Ratchet INK 2: Beefs and Crab Barrel Politics

In publishing, just as in any entertainment based industry, I believe in these two things:  One, there’s enough of success and money to be had for anyone who is willing to work hard and grind for it. Two, your work will speak for itself, regardless of whatever the competition does.

With that said, it seems to me that some literary feuds go beyond general competition into something very childish and viscous.  You see the posts: an Author blast his or her gripes with a publisher over money. Authors taking shots at each other out of pure jealousy and envy. You also see the comments of avid readers saying how petty the latest round of beef is and later, you see these same readers post how they stopped buying books from authors and publishers because of how bad some of them act online.




Just in the past three months, I have observed an author lashing out at a book club that gave his book a poor review, another author airing out issues with a publisher , and  some authors trying to dictate how a reader spends his or her money.

So let me get this straight: A reader doesn’t have the right to read another author’s work and buy another author’s work because you think it’s a betrayal of your product? To me,this kind of thinking is rooted in insecurity. Nothing more and nothing less.   If you as an author know the kind of hard work that you put into your product and into building your audience, there’s no need  for shaming and intimidation tactics. If you write amazing stories, they will come. If you write amazing stories on a consistent basis,they will stay. Yes, they will read other people’s work from time to time, but  I promise that you will still be in their library.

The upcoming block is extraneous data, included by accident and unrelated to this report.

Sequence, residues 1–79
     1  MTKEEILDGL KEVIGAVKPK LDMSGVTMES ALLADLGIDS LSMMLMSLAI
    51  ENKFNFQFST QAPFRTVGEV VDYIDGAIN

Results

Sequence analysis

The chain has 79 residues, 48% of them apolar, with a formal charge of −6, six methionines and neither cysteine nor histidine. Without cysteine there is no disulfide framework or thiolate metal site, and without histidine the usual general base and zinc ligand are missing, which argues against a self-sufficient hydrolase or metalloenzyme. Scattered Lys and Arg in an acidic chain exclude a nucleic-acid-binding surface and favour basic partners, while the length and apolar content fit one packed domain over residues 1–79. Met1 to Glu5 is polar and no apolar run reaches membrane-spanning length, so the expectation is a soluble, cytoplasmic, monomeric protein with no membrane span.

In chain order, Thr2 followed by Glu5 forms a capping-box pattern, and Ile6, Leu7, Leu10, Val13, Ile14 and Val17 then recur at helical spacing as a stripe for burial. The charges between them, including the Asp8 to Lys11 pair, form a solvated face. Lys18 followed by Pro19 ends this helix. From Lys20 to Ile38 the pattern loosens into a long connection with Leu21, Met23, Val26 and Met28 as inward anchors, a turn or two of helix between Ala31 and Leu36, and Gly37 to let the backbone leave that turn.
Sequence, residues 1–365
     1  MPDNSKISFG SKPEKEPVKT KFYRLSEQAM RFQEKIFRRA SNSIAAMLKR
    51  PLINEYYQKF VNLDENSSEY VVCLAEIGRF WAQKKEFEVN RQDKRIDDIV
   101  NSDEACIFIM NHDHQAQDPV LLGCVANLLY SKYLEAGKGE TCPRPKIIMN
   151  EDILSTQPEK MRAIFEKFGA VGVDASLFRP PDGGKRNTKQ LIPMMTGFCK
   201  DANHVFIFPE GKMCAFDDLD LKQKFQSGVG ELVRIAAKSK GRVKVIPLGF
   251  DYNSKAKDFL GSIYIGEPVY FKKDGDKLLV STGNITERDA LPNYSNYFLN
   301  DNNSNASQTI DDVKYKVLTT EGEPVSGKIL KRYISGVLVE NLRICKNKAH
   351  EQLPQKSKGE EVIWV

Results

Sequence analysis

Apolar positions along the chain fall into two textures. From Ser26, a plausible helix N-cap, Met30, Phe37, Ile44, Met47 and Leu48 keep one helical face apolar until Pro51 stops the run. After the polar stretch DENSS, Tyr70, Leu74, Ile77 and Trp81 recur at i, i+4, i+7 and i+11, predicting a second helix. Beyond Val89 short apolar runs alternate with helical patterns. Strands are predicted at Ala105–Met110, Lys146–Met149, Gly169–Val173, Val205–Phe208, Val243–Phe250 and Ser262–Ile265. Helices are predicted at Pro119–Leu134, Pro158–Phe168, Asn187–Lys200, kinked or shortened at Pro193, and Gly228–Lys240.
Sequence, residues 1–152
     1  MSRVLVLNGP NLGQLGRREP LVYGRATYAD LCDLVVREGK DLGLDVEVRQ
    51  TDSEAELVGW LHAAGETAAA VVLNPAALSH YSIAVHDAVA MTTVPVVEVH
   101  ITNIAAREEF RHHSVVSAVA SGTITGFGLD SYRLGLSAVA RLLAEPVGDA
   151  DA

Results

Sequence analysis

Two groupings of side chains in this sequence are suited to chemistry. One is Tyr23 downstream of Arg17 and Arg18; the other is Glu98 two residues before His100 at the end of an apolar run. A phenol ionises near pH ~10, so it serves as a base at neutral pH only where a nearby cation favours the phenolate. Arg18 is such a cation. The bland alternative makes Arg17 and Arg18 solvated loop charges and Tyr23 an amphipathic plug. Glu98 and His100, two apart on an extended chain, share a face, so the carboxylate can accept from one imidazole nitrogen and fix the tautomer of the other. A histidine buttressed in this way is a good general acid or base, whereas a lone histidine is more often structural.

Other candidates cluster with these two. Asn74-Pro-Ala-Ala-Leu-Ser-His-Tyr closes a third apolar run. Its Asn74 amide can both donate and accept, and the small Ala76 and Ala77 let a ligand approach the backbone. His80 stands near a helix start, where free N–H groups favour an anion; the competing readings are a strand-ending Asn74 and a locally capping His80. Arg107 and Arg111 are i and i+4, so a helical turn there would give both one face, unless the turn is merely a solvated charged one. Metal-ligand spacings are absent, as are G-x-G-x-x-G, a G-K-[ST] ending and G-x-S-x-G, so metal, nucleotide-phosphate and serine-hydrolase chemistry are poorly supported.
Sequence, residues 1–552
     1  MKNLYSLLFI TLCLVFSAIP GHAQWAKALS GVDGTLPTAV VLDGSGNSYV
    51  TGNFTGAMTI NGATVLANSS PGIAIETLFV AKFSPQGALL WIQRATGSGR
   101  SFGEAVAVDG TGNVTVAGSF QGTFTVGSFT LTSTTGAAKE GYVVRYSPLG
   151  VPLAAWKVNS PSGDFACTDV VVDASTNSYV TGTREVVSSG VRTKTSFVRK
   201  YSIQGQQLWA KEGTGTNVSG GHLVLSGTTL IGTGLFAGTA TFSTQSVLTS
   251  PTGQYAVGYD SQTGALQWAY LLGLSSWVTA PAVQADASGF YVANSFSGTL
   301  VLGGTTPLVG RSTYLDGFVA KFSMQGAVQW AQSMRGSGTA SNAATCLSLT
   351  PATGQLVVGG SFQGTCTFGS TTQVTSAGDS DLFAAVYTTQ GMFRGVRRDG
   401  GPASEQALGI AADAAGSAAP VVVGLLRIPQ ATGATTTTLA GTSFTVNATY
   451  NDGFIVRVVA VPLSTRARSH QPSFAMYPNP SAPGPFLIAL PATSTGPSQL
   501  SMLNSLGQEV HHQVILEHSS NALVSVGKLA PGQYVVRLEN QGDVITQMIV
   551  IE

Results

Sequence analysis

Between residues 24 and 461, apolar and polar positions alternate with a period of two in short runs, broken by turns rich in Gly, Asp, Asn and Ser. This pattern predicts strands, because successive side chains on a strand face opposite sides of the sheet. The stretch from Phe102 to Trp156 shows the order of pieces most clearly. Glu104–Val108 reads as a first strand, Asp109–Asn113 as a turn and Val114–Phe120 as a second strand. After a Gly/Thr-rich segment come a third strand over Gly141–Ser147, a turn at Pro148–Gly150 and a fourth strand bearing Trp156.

As far as author/publisher feuds are concerned, it’s very easy to forget that books are a business and with businesses, Rule #4080 (shout out to A Tribe Called Quest) sometimes applies. Whether it applies or not, fulfilling a contract should be a simple, painless process.

There shouldn’t be a beef with someone playing out their contract and moving on.  It’s a problem when the publisher takes business personal and begin berating said author for moving on and doing everything in their power to blackball and intimidate him or her for moving on. To me, author/ publisher feuds that are  being played out in public has to be the most shameful and tacky feud of them all. They are the tackiest because the burden of perception is on the publisher. Authors, would you like to sign with a janky publisher, who blast their business matters on Facebook? Readers, would you want to buy books from a publishing company that is always in the middle of the mess that they start?   If I were a betting woman, those answers are a resounding “NO”.

When I think about the feuds and shadiness of the industry, I think about the root of the problem.   Here’s my theory: In the world of African-American publishing, we are operating off of a sense of lack. We believe that it isn’t enough of room for everyone in the game.  It really seems that way when readers throw crumbs of their money to us when they buy our titles for $.99 to $2.99.  We think there’s just crumbs for us and we are all doing whatever it takes to get our lion’s share of the crumbs.

Another theory is most of these authors aren’t used to much and when they get something, they hold on to it with everything in them. They cling to it like static to clothes in a dryer without softener. For some, it’s their first taste of legal money or their first taste of some kind of acclaim. So they do whatever they can to keep it, even if it means applying some of the same tactics learned on the streets to solidify their position in the game.   Regardless of the theories and causes, the beefs and the shady dealings are unnecessary and beneath us. I believe that there is enough of talent in the industry to create great work, and create it consistently. There is no lack in opportunity. It’s there for you to seize it and embrace it. It’s impossible to do that if you attend every argument you’re invited to.

Authors: What do you think is the source of the feuds and what could be done to get the focus back on the books?

Readers: How has the feuds displayed on Facebook and twitter influenced who and what you read?



About the author

Jannelle is the author of “Wild Cards” “Thirst”, “Thirst II”, and “Love’s Hangover” and is a fresh voice in African-American fiction, spending time on Amazon’s Hot New Releases list for two of her four titles. She’s also a freelance journalist. Her DC Bookdiva Debut, “Uppity” will be released in November, and is available for pre-order now at www.dcbookdiva.com